Mayor Garcetti: We are preparing for a very bad El Nino

Mayor Eric Garcetti says the City of Los Angeles isn't taking chances. It remembers all of the death and destruction from the El Niño of 1997-98 and wants to be prepared. That said, Garcetti told reporters two companies have been hired to be at the ready if help is needed after storms hit. LA has also worked out deals with the four major mobile communications providers for a disaster communications plan before a disaster occurs.

The City of LA is promoting El Niño preparedness by saying "have a kit, make a plan and stay informed." Those words from Jim Featherstone, the General Manager of the Office of Emergency Management,  are meant to simplify the thought process because there really can be much to think about. 

The City has a notification system it uses in a time of crisis called NOTIFY LA. Residents are urged to sign up. They are also encouraged to look at LA's new El Niño website called ElNiñ

Finally, Featherstone adds be prepared at home, at work or school and in transit.

Meanwhile, LA City Councilman Paul Koretz added a dozen tips he hopes will be helpful. Some we've heard before.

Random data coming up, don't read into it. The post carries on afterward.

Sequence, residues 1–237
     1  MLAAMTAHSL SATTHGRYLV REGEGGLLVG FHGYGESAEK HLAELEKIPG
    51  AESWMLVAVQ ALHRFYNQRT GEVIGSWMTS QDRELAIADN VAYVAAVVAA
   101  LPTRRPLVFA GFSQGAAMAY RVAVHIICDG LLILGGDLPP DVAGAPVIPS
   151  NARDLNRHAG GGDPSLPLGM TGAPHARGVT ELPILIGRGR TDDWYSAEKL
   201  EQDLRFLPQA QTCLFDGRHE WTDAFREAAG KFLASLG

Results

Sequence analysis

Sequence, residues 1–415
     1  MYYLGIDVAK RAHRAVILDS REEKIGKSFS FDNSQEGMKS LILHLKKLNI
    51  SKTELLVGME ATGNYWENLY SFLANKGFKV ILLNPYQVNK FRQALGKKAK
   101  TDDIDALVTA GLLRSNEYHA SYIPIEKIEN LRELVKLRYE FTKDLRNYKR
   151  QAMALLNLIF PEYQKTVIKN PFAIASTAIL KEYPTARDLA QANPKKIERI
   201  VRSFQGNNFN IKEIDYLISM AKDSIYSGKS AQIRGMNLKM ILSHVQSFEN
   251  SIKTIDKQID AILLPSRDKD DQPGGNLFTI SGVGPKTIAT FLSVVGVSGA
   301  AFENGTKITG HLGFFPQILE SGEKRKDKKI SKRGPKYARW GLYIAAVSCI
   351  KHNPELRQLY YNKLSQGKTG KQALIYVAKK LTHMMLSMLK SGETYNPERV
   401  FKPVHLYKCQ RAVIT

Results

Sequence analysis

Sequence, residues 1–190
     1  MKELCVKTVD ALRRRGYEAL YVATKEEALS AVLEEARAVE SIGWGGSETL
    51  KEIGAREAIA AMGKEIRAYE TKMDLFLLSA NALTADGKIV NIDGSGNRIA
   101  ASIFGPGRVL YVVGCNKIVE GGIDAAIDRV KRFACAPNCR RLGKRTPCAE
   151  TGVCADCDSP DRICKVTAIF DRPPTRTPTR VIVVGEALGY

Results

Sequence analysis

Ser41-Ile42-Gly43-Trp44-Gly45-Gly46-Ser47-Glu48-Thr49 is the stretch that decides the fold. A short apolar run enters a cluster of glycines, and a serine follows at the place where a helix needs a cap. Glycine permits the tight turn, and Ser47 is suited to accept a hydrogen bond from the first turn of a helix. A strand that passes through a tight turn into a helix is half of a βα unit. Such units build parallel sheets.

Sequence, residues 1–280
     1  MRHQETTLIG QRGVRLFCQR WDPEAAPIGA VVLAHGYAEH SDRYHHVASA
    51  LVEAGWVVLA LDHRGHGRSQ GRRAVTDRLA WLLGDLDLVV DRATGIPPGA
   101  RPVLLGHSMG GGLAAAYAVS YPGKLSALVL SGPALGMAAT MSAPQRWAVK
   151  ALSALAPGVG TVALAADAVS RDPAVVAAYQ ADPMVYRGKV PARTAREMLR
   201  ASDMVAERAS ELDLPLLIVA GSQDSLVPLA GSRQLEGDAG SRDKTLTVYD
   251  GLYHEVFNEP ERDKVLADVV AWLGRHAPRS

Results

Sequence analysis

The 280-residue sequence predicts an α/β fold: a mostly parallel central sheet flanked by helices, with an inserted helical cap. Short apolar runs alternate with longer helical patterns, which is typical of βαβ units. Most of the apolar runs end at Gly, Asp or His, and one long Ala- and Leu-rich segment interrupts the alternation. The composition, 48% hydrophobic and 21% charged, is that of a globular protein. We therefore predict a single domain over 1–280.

1. Be sure that your house is ready for the rain.
  2. Make sure leaks are fixed.
  3. Be sure gutters are cleaned out.
  4. Make sure car is in good shape including tires.
  5. Put your important documents on the cloud. Email them to yourself if nothing else.
  6. Have an emergency kit or backpack prepared at home and in the car with water bottles. Be sure to include any medicines you may need. 
  7. Sit down with your family and make a plan so everyone knows what to do at different times during the day. 
  8. Have an out of state emergency contact so family members and friends can get word to each other even if communications are snarled.
  9. If you see downed power lines stay away from them.
  10. If you’re in your car don’t get out.
  11. Don’t drive into an even modest pool of water. Even a little could carry your car away.
  12. Be sure trash cans aren’t out during a severe rain event so they don’t fall over and block storm drains.
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